When I drove into Yosemite Valley for the first time, I started to cry. The granite rising up above me on all sides was overwhelming. It didn’t seem real. “I am so grateful to be here,” I thought. “So happy to be in this place.”
I’ve been back several times since then and my feelings haven’t changed. I am so grateful. In awe. But what has changed is the number of people who are standing in similar states of awe around me. There are a lot of us. Visitors have only been increasing in most National Parks over the past half-decade, spurred on by social media and, more recently, the desire to get out of town safely during the pandemic. It is now almost guaranteed that you’ll experience a traffic jam to enter many of the more popular parks during the summer. Expect to have trouble finding a parking spot or to have to wait in a Disney-style line to get that iconic Instagram shot.
Because of this overall surge in visitation (with a serious dip last year, due to the pandemic), along with continued Covid precautions, many iconic parks have instituted reservation systems for summer day-use. Even more parks have shifted their entire camping reservations online for the first time and many attractions that have always required ticketing or reservations are filling up faster than ever.
Ultimately the reservation system should cut down on some annoyances. But first, you have to figure out how to navigate the rules and timing to obtain the reservations — which can be tricky, to say the least. Below, we’ve put together all the information you need to make your National Park trip as smooth as possible.
PART I — Reservations for Day-Use
The parks below have instituted day-use reservation systems for the first time. Certain parks, like Dry Tortugas National Park, have continuing day-use permit policies in place.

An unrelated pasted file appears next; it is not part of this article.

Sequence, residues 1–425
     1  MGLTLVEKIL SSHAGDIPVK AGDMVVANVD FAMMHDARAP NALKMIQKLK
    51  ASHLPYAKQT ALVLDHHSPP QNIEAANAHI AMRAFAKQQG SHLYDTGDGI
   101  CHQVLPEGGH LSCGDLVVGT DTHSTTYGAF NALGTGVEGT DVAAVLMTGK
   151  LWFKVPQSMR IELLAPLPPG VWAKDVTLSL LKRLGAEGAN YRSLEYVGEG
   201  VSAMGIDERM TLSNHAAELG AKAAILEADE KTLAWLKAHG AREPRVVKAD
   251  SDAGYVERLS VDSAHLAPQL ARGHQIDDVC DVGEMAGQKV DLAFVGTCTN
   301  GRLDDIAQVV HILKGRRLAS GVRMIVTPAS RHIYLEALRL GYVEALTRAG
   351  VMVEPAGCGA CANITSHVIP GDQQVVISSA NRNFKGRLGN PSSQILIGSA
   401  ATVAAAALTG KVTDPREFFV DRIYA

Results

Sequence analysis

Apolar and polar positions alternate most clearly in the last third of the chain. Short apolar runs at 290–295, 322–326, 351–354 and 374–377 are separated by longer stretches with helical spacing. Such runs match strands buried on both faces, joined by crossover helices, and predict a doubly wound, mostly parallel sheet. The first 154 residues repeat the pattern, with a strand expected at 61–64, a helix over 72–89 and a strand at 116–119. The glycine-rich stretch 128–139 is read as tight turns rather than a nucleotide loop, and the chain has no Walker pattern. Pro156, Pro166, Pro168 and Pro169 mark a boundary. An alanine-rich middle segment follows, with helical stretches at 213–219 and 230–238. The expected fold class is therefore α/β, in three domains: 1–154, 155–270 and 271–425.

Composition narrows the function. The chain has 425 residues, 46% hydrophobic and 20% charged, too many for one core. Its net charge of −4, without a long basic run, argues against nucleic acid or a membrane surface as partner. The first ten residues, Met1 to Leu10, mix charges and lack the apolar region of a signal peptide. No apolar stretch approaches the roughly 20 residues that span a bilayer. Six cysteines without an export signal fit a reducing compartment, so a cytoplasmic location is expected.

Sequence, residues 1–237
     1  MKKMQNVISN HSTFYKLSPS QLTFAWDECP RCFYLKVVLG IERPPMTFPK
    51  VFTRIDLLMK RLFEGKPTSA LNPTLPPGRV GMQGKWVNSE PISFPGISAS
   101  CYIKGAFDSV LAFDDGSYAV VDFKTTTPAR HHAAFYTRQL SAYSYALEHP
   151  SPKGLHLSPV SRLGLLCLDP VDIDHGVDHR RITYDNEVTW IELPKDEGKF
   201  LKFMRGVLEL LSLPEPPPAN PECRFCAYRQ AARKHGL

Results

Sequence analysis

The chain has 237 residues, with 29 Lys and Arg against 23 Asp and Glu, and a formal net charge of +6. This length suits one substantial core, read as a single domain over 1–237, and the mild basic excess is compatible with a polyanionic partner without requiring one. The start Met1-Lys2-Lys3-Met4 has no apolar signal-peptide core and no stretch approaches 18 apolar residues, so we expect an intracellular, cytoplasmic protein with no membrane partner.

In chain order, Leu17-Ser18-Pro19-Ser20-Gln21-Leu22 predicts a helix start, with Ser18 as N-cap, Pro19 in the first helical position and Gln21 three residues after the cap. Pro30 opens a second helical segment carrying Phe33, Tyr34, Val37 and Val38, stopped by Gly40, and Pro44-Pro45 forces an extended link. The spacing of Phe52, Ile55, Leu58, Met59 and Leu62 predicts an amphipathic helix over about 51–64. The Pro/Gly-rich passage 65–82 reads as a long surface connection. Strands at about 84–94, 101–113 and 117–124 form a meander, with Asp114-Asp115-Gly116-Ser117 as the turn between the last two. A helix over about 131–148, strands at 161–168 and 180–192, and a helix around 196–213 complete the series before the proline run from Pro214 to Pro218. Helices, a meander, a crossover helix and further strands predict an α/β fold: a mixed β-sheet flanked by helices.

Yosemite National Park
Yosemite went to a reservation system at the beginning of the pandemic, eased it in the spring, and is now back to the system for the busy summer months. From May 21 – September 30 you will need an advance reservation to enter the park (unless you have a reservation for camping or lodging within the park — then it’s included).
The park is releasing around 80% of the tickets in advance and then the remaining 20% seven days before each entry time at 8 am PT. The day-use ticket is good for three consecutive days and will run you a whopping $2. The National Park Service recommends being logged in and ready immediately at 8 am, as tickets are sold out almost immediately when they are released (you can find the schedule for release here).
Canceled reservations become immediately available, so if you’re desperate there is always hope. Still, it’s a complex and competitive system, but totally worth it to experience the grandeur of Yosemite. It also will likely cut down on some of the crowding and traffic that a summer visit to Yosemite has become famous for.
Make your reservation here.
Rocky Mountain National Park
Rocky Mountain National Park, like many on this list, started utilizing a timed entry advance-ticketing system at the beginning of the pandemic. Now they are bringing it back for visits from May 28 – October 11. Starting May 1, reservations are available online on the first day of each month for the following month, with guests picking a specific time frame for entry. The park is opening up reservations up to 75-85% capacity, so this is a great time to see the Rocky Mountain splendor, possibly without fighting the notorious summer crowds.
Additional reservation dates will open on the 1st of each month through September. The park says that 25% of tickets will be held back and available the day prior at 5 pm MST, but will sell out quickly. To further complicate things, there are actually two separate reservations to make at RMNP. One is just for the infamous Bear Lake Road and another is for the rest of the park, excluding the road.
It seems convoluted, but it will be more than worth it when you are smelling the pines and looking out over an alpine lake in the park.
Make your reservation here.